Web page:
‘Perfect’ Crofton venue for wacky steampunk fun

THE wildest, whackiest, most fun and largest event ever run at Crofton Beam Engines is set to take place this month.

The weekend of July 27 and 28will see the grounds and Engine House filled with the spectacle of Steampunk.

Co-organised with Crofton’s Steamhengefriends from Salisbury, it includes top line entertainment for all the family throughout the day.

Crofton Splendid Summer Steampunk Steaming is a true Steampunk weekend inside and around a 200-year-old working steam engine house, where you can experience the sight, smells and sound of an authentic Steampunk environment. 

Steampunk entertainers Professor Elemental and Alice’s Night Circus will be on the Crofton stage both days, plus you can take part in traditional Steampunk games such as NERF guns, tea pot racing, and tea duelling.

Steamhenge will be helping to manage the activities during the event, adding to the spectacle.

Steampunk was originally a literary sub-genre of science fiction, in which everything relies largely upon the power of steam and similar technologies. Crofton is therefore the perfect setting.

Steampunks tend to dress in Victorian and similar style clothes, adding to the magical atmosphere of the working steam engines. However you don’t have to dress up to go along, everyone is welcome. Steam punk fans range from 18 to 80 and many take the children or their grandparents.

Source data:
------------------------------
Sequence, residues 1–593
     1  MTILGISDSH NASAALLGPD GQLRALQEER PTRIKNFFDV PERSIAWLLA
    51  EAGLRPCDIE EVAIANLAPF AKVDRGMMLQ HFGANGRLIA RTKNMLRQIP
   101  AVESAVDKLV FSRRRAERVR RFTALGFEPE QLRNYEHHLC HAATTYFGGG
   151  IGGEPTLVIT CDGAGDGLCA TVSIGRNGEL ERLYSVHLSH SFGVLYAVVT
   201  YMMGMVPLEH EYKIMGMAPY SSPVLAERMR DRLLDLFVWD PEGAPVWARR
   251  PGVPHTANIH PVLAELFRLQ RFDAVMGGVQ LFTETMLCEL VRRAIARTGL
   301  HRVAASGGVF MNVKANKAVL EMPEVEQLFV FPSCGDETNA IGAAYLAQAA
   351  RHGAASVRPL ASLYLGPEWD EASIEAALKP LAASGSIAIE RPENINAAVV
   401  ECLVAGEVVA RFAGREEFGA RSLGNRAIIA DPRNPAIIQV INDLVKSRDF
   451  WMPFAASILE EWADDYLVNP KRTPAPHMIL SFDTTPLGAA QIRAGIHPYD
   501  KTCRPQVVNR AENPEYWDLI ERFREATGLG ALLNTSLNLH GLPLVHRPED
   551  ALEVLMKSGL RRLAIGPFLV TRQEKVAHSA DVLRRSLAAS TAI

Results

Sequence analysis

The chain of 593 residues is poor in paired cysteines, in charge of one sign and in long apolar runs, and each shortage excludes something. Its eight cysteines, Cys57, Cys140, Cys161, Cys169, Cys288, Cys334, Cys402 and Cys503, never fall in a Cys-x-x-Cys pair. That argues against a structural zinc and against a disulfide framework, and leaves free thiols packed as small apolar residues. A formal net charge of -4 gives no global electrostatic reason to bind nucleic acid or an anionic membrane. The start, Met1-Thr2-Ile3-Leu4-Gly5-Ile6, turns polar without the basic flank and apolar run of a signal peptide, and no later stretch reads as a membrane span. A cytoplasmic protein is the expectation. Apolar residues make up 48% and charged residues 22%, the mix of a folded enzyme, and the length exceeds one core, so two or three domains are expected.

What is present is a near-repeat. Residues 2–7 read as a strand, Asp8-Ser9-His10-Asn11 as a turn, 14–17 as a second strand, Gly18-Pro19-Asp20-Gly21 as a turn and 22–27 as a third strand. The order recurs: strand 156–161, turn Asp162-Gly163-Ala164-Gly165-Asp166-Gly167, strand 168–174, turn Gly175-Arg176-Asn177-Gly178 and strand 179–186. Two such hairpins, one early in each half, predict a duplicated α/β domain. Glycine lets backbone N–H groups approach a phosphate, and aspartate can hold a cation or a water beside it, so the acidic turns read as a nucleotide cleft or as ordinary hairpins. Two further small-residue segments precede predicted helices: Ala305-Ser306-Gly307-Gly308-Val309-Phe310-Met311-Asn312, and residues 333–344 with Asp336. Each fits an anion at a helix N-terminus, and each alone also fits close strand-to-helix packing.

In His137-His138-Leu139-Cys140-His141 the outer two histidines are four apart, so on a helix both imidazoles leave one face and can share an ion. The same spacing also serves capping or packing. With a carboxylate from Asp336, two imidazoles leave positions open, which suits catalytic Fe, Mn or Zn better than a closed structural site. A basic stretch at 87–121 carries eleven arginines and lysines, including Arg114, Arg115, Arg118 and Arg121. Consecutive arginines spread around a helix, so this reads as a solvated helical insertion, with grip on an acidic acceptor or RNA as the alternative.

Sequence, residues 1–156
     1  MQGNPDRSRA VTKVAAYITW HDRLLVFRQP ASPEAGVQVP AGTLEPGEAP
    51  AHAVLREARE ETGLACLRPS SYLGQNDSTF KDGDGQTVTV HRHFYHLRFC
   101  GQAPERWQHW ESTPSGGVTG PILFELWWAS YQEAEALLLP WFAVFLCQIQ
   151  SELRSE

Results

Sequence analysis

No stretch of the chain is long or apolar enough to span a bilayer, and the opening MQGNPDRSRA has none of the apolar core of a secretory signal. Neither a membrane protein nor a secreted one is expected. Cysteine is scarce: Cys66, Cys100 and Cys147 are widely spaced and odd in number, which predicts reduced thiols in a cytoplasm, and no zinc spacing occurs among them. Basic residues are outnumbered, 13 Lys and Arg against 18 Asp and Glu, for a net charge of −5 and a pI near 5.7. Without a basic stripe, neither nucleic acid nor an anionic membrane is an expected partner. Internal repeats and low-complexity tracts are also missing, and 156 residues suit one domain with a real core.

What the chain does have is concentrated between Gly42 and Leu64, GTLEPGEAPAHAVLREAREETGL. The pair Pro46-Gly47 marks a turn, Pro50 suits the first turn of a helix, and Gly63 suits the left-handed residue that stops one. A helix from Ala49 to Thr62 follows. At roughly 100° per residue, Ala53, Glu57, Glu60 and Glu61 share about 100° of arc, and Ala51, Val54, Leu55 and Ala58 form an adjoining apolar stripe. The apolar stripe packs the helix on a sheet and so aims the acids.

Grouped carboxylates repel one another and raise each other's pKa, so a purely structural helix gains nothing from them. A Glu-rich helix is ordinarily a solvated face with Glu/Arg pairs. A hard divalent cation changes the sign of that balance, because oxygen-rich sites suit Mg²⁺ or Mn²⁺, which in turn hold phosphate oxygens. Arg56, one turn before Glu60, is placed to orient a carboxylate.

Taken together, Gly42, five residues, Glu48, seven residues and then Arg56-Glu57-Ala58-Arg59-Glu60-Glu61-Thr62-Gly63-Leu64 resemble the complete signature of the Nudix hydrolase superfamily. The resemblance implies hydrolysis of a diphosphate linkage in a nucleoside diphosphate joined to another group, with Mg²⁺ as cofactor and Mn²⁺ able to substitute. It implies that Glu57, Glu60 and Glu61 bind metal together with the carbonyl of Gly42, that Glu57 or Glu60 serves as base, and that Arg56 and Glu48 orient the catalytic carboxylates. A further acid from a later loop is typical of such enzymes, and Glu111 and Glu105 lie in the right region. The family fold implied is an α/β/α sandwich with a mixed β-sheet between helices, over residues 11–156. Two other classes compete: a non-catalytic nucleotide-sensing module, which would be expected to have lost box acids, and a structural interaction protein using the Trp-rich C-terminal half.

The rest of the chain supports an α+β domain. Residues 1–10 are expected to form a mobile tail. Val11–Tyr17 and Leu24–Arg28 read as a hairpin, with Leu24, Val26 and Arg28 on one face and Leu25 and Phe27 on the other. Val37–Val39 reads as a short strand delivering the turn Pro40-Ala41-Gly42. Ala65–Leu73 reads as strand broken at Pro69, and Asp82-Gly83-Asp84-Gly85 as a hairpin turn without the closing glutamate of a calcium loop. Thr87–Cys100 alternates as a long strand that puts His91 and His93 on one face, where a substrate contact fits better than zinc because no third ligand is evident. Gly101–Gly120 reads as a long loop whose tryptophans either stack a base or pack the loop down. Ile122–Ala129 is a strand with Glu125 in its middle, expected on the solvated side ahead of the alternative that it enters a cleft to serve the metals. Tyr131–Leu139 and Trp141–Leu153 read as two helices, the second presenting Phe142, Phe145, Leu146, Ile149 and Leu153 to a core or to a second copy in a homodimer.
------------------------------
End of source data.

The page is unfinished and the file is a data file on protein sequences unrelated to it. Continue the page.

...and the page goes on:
Crofton Splendid Summer Steampunk Steaming is in the grounds of Crofton Beam Engines, Marlborough, Wiltshire SN8 3DN. There is a charge to enter the grounds and enjoy all the entertainment, however there is no additional charge to tour the Engine House.

Alice’s Night Circus will provide steampunk entertainment.

Full details are on the events page of the Crofton website https://www.croftonbeamengines.org/event/steampunk-weekend/

Just remember to take your brass goggles to keep the steam out of your eyes! 

Crofton Beam Engines is situated on the north side of the Kennet and Avon Canal near to its highest point. It was built to pump water to the highest level of the canal and is home to two magnificent steam driven beam engines, one of which can claim to be the oldest in the world still in its original location and doing the job it was installed for in 1812.